top of page

Amphibians and Reptiles

Although we now know that amphibians and reptiles do not form a natural group amongst the vertebrates they have traditionally been studied together, with the group referred to as herptiles and their study called herpetology. As most amphibians and reptiles are 'cold-blooded', which means that they cannot regulate their body temperatures, both groups are much commoner in tropical areas, although both Common Frog and the Common Lizard can be found in northernmost Norway. Neither group are native to Shetland - the only reptiles recorded have been vagrant sea turtles and the only amphibians have been deliberately released by man.


The only reptiles recorded in Shetland are sea turtles, which are normally found in tropical oceans and only rarely wander into temperate waters. For most species, the waters around Shetland are too cold and they would be torpid by the time they reach here, but one species can regulate its body temperature enough to survive in cooler seas.

Testudines: Dermochelyidae (leatherback turtle)
Leatherback Turtle Dermochelys coriacea

Vagrant: there are 14 confirmed records involving live animals:

  • 1955 -  off Noss Head, 30th August

  • 1956 -  c.60km NE of Muckle Flugga, September

  • 1967 -  off Papa Stour, 28th August

  • 1973 -  off Skeld, 4th October

  • 1990 -  north of Fetlar, seen from fishing boat, 20th October

  • 1992 -  c.30km NNW of Muckle Flugga, early September

  • 1992 -  off Balta, Unst, 5th October

  • 1995 -  c. 30 km NW of Yell, from the Faeroese fishing boat Lomúr, 9th October

  • 1999 -  off the southern end of Bressay, between the Ord and the Bard, 8th August

  • 1999 -   between Hoga Ness and Cullivoe, Yell Sound, seen from MV Fylga, 3rd September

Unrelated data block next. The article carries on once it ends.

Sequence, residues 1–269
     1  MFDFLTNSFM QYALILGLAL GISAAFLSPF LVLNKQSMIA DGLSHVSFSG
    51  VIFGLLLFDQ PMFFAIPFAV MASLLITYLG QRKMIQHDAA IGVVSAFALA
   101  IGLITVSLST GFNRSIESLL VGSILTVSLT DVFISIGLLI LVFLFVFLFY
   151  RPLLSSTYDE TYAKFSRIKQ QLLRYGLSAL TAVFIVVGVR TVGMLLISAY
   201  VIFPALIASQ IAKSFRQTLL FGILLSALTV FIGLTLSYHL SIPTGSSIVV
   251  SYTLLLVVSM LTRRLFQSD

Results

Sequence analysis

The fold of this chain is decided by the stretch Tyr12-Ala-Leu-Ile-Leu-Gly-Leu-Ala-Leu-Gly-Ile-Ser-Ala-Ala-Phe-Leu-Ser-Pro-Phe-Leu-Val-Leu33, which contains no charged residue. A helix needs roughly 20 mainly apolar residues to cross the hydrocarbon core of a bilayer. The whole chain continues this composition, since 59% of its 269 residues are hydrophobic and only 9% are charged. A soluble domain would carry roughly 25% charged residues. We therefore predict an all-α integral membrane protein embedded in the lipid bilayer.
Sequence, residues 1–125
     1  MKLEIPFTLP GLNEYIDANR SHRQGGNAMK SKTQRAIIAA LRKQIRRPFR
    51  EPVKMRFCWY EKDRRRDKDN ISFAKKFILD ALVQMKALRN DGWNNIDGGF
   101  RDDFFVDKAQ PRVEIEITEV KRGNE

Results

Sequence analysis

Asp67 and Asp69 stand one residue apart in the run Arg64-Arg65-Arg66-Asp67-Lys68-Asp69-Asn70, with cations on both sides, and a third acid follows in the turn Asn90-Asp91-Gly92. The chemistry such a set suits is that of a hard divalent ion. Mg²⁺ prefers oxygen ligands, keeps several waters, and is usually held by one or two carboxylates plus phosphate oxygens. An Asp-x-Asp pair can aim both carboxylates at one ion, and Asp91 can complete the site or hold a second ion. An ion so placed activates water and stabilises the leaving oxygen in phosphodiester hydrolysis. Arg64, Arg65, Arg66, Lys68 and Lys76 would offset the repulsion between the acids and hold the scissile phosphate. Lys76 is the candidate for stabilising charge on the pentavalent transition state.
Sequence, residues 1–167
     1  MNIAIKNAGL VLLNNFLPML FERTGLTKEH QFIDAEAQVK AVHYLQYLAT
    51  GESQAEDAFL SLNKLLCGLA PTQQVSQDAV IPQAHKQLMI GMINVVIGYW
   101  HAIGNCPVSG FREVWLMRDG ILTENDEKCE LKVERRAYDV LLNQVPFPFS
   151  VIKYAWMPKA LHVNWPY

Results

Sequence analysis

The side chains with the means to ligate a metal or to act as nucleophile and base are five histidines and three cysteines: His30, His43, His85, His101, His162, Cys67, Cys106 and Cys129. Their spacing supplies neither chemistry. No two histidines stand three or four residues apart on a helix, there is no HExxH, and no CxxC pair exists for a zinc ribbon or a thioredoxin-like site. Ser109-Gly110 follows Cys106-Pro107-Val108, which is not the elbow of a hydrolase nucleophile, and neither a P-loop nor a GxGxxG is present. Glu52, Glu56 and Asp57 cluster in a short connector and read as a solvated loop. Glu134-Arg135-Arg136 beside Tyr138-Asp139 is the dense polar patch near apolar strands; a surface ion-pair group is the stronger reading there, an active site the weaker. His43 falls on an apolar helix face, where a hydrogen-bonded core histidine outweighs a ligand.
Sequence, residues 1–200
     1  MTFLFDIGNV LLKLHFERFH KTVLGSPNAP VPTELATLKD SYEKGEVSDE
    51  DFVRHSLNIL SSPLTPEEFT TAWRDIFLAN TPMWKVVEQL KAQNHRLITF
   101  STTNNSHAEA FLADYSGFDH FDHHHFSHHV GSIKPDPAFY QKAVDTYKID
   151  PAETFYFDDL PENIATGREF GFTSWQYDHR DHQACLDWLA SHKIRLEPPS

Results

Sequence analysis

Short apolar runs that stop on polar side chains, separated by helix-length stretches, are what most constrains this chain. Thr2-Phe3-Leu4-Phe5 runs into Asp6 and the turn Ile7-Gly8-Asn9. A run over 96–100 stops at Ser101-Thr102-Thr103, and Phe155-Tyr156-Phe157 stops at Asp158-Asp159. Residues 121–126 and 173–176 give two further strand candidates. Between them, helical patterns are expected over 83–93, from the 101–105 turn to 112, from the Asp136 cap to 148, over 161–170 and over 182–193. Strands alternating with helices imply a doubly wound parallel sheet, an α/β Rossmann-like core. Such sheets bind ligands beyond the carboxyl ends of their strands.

• 2000 -  Basta Voe, 11th November, caught in nets, subsequently died, specimen in Lerwick Museum

  • 2004 -  off West Sandwick, Yell, 14th August

  • 2005 -  off Skelda Ness, towards Oxna, 31st July

  • 2015 -  Bluemull Sound, 13th September


Shoreline carapaces (the turtle's shell) are also occasionally recorded e.g. one was found at Sumburgh in the 1980s, a carapace was found on a beach near Punds Voe, Scalloway on 12th October 1996, and individuals were found dead at Dale beach at Walls in January 2002 and Nibon in April 2011. The Scottish Marine Animals Stranding Scheme has three other records but it is not known if these records refer to live animals or corpses  - south-west of Mousa on 9th August 1971, Scalloway on 7th November 1996 and Sullom Voe on 18th October 1997. 


Leatherback Turtles (also known as Leathery Turtles) are easily separated from other turtles through their large size and the obvious ridges running the length of the shell. They are seen quite frequently in British waters, usually in late summer, as they can regulate their body temperature and so can survive in cooler waters. They feed principally on jellyfish.

turtle mgp.jpg
Testudines: Chelonidae (sea turtles)
Loggerhead Turtle  Caretta caretta

Vagrant: two records One off the west coast of Unst in June 1945 and a corpse on Papa, in the Scalloway isles, found in August 2020.

Green Turtle  Chelonia midas

Vagrant: the only record involved tideline remains, with fragments of carapace found on beach on Burra on 4th January 1956.



The only Amphibians found in Shetland have been introduced by humans.

Anura: Ranidae (true frogs)
Common Frog Rana tempooraria

Common and widespread and found on almost all inhabited islands, including Foula and Fair Isle, but absent from Out Skerries. First introduced in the 19th century, either on Whalsay in the 1860s or in the 1890s on Fetlar. Further introductions were recorded in the 1920s at Scalloway and Lerwick. The Unst population dates back to the 1970s, when spawn was brought from Mainland to the schools, and the froglets released in nearby lochans and mires. 

frog mgp.jpg
Anura: Bufonidae (true toads)
Common Toad  Bufo bufo

Extinct. Several attempts to introduce toads to the islands in the 20th century all failed. Known introductions include a few adults released on Fetlar early in the 19th century, adults from Orkney released at Tingwall in the 1930's, and tadpoles released in a garden in Lerwick in 1949-50 where, despite spawning, they only survived for one winter. There have presumably been other unrecorded releases. The two most recent reliable reports involved an adult at West Sandwick, Yell, on 26th October 1977 and a year-old individual at Strand, Tingwall, on 12th April 1982.

Written by Mike Pennington Updated August 2020

incorporating information provided by Shetland Biological Records Centre run by Shetland Amenity Trust

bottom of page